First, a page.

Business Eye: Partnership bidding for slice of £2bn fund

Alex Pratt
Alex Pratt

You can be forgiven for not yet knowing what the Local Enterprise Partnership for Bucks is all about.

There’s has been so much else in the news and you do have a life after all.

On the other hand, we need to reflect on how we have managed to burden future generations with a massive housing shortage, an energy policy in need of international rescue, air transport stuffed to full capacity, 30 years of serious under-investment in other economic infrastructure and a generation of young people blighted by a lack of employment.

This underlying declining economic position has been matched by a serious centralisation of economic power that has created huge national institutions and weakened local places and people, which in turn has helped create an unhealthy reliance on London.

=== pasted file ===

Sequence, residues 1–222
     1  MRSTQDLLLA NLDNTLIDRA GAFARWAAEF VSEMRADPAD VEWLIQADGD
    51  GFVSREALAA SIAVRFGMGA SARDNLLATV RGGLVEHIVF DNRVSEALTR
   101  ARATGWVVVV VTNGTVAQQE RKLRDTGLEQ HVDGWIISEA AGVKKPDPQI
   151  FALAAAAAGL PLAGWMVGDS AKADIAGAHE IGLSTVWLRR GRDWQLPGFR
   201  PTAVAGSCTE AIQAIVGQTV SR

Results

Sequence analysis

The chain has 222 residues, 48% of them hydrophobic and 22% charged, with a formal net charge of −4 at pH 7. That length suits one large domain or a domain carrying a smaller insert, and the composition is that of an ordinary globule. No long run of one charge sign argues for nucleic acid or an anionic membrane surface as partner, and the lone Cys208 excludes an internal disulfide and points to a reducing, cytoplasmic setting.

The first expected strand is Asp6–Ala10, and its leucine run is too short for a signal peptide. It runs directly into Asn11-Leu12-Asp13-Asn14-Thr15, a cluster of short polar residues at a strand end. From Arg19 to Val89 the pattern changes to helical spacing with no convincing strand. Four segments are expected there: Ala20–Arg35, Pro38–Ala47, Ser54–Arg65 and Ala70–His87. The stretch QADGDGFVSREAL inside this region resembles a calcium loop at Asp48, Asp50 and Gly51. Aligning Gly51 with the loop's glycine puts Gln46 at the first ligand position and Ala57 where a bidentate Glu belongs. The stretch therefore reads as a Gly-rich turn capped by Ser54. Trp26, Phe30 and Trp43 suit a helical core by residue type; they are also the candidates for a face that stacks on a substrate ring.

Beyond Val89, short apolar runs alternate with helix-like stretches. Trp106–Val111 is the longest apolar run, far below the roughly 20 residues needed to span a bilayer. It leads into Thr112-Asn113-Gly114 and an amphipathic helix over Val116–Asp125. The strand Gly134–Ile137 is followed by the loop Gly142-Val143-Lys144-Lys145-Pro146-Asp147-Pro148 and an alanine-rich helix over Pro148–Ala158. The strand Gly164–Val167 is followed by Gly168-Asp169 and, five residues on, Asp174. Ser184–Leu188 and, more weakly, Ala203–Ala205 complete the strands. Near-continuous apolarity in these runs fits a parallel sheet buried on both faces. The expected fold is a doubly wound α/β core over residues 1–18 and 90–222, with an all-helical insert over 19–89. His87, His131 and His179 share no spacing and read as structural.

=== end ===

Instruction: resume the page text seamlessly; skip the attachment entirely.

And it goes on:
Local Enterprise Partnerships are an attempt to arrest the long term trend by rebalancing strategic influence over the factors of production to better reflect the real needs here on the ground.

The Bucks LEP locks the five local authorities and the collective business community together with the evidence and needs in the local economy and exists to separate the dial moving economic priorities from the pet projects and myths.

The 39 LEPs in England have for the last year been in a competition for a £2 billion annum Local Growth Fund, and negotiating for devolution of centrally held freedoms to empower us to make better, faster decisions on matters that impact directly on jobs and growth.

We all know that the well-spring of added-value is the private sector, which mixes labour, land and capital together.

It doesn’t therefore take a rocket economist to see a clear line of sight between the availability of a skilled workforce, economic infrastructure and finance, and jobs and growth.

On Monday we will find out the extent to which we in Bucks are to be supported in our aims to amongst other things be the first place in the UK to test the economic potential of 5G mobile connectivity, build more social housing needed to house some key workers, channel much needed growth funding towards local growth businesses, and start to make a dent in the transport and infrastructure under- investment we have had to live with for the last 30 years.

Is it too much to believe that common sense might once again about to become more common practice?